Leekha, Surbhi; Terrell, Christine L.; Edson, Randall S.

2011-01-01

308

Table olives from Portugal: phenolic compounds, antioxidant potential, and antimicrobial activity.  

PubMed

The phenolic compounds composition, antioxidant potential, and antimicrobial activity of different table olives from Portugal, namely, natural black olives "Galega", black ripe olive "Negrinha de Freixo", Protected Designation of Origin (PDO) "Azeitona de Conserva Negrinha de Freixo" olives, and "Azeitona de Conserva de Elvas e Campo Maior" Designation of Origin (DO) olives, were investigated. The analysis of phenolic compounds was performed by reversed-phase HPLC/DAD, and seven compounds were identified and quantified: hydroxytyrosol, tyrosol, 5-O-caffeoilquinic acid, verbascoside, luteolin 7-O-glucoside, rutin, and luteolin. The antioxidant activity was assessed by the reducing power assay, the scavenging effect on DPPH (2,2-diphenyl-1-picrylhydrazyl) radicals, and the beta-carotene linoleate model system. The antioxidant activity was correlated with the amount of phenolics found in each sample. The antimicrobial activity was screened using Gram-positive (Bacillus cereus, Bacillus subtilis, Staphylococcus aureus) and Gram-negative bacteria (Pseudomonas aeruginosa, Escherichia coli, Klebsiella pneumoniae) and fungi (Candida albicans, Cryptococcus neoformans). PDO and DO table olives revealed a wide range of antimicrobial activity. C. albicans was resistant to all the analyzed extracts. PMID:17061816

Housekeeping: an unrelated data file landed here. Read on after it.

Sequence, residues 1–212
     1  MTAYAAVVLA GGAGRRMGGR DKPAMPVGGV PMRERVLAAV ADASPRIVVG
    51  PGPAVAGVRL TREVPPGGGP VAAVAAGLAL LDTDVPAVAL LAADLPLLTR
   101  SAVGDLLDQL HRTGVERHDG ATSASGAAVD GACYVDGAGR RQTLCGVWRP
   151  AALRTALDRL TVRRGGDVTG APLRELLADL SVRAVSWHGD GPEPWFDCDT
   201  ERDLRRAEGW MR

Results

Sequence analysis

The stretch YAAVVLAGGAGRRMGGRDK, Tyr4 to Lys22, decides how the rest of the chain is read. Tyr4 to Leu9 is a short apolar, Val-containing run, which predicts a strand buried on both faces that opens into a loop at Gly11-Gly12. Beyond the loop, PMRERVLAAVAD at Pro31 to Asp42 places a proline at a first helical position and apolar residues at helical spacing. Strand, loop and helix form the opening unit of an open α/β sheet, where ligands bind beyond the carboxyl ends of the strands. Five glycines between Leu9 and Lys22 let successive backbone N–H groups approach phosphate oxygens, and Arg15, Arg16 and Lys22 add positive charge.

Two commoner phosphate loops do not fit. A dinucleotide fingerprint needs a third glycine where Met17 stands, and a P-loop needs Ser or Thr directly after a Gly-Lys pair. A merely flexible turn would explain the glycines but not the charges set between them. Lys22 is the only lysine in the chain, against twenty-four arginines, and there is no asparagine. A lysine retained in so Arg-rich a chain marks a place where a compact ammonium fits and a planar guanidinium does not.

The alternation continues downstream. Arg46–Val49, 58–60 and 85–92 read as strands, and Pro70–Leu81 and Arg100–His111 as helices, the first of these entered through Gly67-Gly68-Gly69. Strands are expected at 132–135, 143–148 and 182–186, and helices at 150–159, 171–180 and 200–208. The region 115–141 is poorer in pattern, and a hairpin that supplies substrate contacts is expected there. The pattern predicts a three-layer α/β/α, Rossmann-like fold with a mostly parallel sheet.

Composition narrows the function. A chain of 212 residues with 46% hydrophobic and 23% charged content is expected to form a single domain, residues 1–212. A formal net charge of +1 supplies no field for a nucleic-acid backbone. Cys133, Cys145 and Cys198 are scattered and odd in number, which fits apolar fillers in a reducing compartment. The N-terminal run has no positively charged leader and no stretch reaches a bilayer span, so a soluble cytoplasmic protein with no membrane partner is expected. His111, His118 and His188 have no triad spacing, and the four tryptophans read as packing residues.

Pereira, José Alberto; Pereira, Ana P G; Ferreira, Isabel C F R; Valentăo, Patrícia; Andrade, Paula B; Seabra, Rosa; Estevinho, Letícia; Bento, Albino

2006-11-01

309

Novel expression vector for secretion of cecropin AD in Bacillus subtilis with enhanced antimicrobial activity.  

PubMed

Cecropin AD, a chimeric antimicrobial peptide obtained from cecropins, is effective at killing specific microorganisms. However, a highly efficient expression system is still needed to allow for commercial application of cecropin AD. For the exogenous expression of cecropin AD, we fused the cecropin AD gene with a small ubiquitin-like modifier (SUMO) gene and a signal peptide of SacB, while a Bacillus subtilis expression system was constructed based on Bacillus subtilis cells genetically modified by the introduction of an operon including an isopropyl-beta-D-thiogalactopyranoside (IPTG)-inducible Spac promoter, a signal peptide of amyQ, and the SUMO protease gene. The recombinant cecropin AD was expressed, and 30.6 mg of pure recombinant protein was purified from 1 liter of culture supernatant. The purified cecropin AD displayed antimicrobial activity against some pathogens, such as Staphylococcus aureus and Escherichia coli, and was especially effective toward Staphylococcus aureus, with MICs of <0.05 microM (0.2 microg/ml). Stability analysis results showed that the activity of cecropin AD was not influenced by temperatures as high as 55 degrees C for 20 min; however, temperatures above 85 degrees C (for 20 min) decreased the antimicrobial activity of cecropin AD. Varying the pH from 4.0 to 9.0 did not appear to affect the activity of cecropin AD, but some loss of potency was observed at pH values lower than pH 4.0. Under the challenge of several proteases (proteinase K, trypsin, and pepsin), cecropin AD maintained functional activity. The results indicated that the recombinant product expressed by the designed Bacillus subtilis expression system was a potent antimicrobial agent and could be applied to control infectious diseases of farm animals or even humans. PMID:19546372

Chen, Xiang; Zhu, Faming; Cao, Yunhe; Qiao, Shiyan

2009-09-01

310

Biosynthesis and Antimicrobial Activity of Semiconductor Nanoparticles against Oral Pathogens  

PubMed Central